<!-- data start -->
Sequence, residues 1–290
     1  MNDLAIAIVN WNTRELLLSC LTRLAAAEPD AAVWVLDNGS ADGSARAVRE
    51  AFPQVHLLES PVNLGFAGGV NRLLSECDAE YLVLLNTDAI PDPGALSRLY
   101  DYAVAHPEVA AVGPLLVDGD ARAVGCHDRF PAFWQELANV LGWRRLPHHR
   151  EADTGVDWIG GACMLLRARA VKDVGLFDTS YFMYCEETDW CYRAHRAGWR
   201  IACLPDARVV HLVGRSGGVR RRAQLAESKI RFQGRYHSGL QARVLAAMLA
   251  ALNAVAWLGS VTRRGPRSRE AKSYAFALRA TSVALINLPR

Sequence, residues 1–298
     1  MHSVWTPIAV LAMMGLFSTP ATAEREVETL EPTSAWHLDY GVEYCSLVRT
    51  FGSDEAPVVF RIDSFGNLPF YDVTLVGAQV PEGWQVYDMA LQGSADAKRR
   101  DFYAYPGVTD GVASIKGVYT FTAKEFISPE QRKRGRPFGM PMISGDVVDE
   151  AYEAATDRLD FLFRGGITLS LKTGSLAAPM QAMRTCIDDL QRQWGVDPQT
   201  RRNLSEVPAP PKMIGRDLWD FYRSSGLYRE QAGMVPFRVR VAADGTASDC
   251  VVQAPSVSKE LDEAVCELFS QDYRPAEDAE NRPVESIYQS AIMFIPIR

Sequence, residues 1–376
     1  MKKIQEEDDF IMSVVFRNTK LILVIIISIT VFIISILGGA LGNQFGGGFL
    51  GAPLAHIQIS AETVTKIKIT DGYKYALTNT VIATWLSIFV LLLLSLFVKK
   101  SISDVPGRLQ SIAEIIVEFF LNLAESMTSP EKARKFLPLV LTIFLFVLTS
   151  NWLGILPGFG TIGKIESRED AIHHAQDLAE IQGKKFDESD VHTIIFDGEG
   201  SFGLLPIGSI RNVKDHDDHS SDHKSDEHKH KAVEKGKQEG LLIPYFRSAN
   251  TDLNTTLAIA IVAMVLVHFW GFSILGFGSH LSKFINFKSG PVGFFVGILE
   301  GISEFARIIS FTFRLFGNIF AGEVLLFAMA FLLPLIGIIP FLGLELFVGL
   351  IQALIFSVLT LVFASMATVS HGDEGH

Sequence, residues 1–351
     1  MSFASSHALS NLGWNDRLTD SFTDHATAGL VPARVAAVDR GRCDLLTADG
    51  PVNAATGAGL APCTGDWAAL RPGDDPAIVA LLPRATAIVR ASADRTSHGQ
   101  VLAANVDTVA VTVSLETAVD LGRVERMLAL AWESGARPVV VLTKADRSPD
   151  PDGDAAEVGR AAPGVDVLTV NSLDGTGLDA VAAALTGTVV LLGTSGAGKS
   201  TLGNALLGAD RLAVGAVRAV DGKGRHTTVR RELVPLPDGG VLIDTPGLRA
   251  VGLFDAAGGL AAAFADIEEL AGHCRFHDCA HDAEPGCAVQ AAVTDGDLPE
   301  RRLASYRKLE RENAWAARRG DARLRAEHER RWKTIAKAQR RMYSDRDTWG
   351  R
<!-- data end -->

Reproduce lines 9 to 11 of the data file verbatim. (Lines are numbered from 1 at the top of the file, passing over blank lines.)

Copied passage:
     1  MHSVWTPIAV LAMMGLFSTP ATAEREVETL EPTSAWHLDY GVEYCSLVRT
    51  FGSDEAPVVF RIDSFGNLPF YDVTLVGAQV PEGWQVYDMA LQGSADAKRR
   101  DFYAYPGVTD GVASIKGVYT FTAKEFISPE QRKRGRPFGM PMISGDVVDE